Up-to-Date Tests for Ruidoso
Ruidoso continues to pursue stringent testing.
November 13, 2014
Ruidoso Downs will employ the most up-to-date tests to search for previously undetectable substances in addition to the stringent security measures previously announced by Ruidoso Downs for the upcoming summer season.
The 2015 Ruidoso Downs season starts on May 22 with two days of trials to the $750,000 Ruidoso Futurity (G1) and concludes on Labor Day with the running of the $2.7 million All American Futurity (G1). All measures will be in effect for the 2015 racing season.
“We are staying on top of this issue with wide-ranging tests to detect known and unknown illegal substances,” said Ruidoso Downs’ general manager Shaun Hubbard. “This combination of tests will be at the forefront of protecting and building racing’s integrity.”
Ruidoso Downs will employ “super testing” for all of the six Grade 1 Triple Crown Races, which have combined purses in excess of $8.5 million.
All horses must be on the grounds in the Ruidoso barn area 10 days before running in the trials of each of the Ruidoso Triple Crown futurities and derbies, and qualifiers must remain on the grounds through the finals. Total estimated purses for the six Grade 1 futurities and derbies is more than $8.5 million.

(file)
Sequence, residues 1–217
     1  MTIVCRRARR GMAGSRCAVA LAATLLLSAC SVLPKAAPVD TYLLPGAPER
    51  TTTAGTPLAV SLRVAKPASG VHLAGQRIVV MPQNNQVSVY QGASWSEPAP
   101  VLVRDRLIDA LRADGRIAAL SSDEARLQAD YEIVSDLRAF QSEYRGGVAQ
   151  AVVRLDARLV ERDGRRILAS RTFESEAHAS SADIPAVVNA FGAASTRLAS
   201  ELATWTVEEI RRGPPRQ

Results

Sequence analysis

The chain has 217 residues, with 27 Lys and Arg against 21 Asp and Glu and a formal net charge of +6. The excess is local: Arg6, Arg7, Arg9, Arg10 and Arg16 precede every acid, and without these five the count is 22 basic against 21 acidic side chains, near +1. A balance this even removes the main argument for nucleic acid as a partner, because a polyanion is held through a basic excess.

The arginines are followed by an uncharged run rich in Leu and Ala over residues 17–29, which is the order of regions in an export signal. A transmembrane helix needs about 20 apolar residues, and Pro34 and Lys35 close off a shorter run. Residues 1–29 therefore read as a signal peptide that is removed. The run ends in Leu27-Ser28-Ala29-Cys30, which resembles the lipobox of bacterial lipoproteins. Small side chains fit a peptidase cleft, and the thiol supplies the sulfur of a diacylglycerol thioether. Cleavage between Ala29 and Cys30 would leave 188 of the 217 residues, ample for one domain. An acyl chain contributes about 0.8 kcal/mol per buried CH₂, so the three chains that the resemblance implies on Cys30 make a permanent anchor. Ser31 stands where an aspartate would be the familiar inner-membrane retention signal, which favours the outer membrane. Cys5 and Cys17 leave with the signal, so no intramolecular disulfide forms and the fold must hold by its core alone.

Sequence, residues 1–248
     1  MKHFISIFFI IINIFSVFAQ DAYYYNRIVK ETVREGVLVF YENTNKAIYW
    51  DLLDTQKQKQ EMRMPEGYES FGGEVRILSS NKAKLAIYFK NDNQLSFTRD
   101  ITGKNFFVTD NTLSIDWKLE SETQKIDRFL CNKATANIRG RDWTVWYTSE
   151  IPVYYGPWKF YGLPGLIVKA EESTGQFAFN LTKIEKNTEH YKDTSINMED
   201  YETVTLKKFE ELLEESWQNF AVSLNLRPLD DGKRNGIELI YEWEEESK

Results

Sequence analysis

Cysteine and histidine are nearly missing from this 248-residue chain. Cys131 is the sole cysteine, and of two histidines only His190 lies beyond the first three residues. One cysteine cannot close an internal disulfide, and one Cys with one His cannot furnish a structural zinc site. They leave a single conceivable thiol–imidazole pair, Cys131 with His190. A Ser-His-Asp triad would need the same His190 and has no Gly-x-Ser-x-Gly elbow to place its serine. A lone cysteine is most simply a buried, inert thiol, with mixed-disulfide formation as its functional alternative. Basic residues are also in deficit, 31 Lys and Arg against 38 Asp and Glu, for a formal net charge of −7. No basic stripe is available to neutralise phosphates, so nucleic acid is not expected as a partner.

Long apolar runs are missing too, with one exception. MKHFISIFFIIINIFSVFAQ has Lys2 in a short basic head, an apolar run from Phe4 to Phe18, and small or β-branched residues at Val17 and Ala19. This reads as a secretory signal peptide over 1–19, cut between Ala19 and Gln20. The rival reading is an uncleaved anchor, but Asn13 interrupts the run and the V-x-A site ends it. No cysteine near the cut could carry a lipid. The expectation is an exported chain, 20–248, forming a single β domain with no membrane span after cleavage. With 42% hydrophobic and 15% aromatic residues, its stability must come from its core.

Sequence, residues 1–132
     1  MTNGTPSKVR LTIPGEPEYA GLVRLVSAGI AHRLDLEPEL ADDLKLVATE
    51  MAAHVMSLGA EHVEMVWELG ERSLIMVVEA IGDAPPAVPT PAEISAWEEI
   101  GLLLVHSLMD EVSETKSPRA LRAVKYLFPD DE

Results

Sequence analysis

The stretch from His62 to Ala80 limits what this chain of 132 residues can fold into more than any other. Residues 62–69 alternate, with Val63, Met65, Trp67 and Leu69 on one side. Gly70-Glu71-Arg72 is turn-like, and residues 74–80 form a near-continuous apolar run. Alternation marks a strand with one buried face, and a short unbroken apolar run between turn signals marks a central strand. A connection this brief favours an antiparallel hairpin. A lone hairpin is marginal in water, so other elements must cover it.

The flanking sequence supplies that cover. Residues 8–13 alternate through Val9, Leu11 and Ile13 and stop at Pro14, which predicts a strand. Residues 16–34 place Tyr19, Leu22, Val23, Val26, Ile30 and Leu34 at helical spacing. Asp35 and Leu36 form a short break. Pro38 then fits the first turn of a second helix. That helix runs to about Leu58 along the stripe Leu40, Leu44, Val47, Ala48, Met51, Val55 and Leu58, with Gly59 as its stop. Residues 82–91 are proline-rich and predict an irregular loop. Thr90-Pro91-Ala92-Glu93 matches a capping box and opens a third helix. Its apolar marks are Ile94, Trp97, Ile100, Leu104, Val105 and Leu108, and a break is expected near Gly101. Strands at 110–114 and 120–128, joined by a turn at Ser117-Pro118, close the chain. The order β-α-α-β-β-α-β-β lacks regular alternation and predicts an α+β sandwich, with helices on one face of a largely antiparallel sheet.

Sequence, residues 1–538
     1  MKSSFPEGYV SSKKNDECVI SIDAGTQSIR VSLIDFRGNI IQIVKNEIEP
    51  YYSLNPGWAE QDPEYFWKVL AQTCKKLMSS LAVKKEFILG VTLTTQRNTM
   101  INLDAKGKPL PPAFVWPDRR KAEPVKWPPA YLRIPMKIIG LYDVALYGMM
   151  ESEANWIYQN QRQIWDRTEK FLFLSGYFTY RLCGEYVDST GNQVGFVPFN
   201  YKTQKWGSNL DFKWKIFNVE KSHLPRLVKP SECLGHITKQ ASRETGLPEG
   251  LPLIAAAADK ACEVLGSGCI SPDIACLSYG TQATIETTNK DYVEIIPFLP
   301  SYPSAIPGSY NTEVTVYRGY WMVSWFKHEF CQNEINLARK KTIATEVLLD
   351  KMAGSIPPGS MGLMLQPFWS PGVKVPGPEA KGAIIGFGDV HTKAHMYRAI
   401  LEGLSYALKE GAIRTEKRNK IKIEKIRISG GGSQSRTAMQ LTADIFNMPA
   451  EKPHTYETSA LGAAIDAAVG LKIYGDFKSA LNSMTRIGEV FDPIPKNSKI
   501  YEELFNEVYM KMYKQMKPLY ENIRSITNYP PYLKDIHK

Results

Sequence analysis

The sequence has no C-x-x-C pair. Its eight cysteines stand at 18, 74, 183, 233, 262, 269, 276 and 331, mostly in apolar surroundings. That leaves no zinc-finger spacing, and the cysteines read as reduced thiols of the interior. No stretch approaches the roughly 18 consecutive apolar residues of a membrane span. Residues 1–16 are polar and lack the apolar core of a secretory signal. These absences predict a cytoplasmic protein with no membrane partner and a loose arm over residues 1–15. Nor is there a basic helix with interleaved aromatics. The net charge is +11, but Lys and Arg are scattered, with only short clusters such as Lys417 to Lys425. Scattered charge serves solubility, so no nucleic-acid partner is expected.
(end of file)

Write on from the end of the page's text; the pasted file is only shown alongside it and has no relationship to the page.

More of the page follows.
The most extensive surveillance system ever installed for quarter horse racing will be active in the barn area, all Triple Crown qualifiers will be subject to pre-race testing and will be randomly tested between the trials and finals, and the New Mexico Racing Commission will work with the New Mexico State Police to ensure year-round off-site test.
“We are constantly learning about new tests. I want to commend all the efforts throughout racing who share our dedication to this issue,” said Hubbard.
“All of our measures come in cooperation with the New Mexico Racing Commission and the American Quarter Horse Association," said Hubbard. "We are positive that this cooperation will lead to a more level playing field for our horses, horsemen and our patrons.
“We must be persistent to eliminate unwanted participants in horseracing,” said Hubbard.
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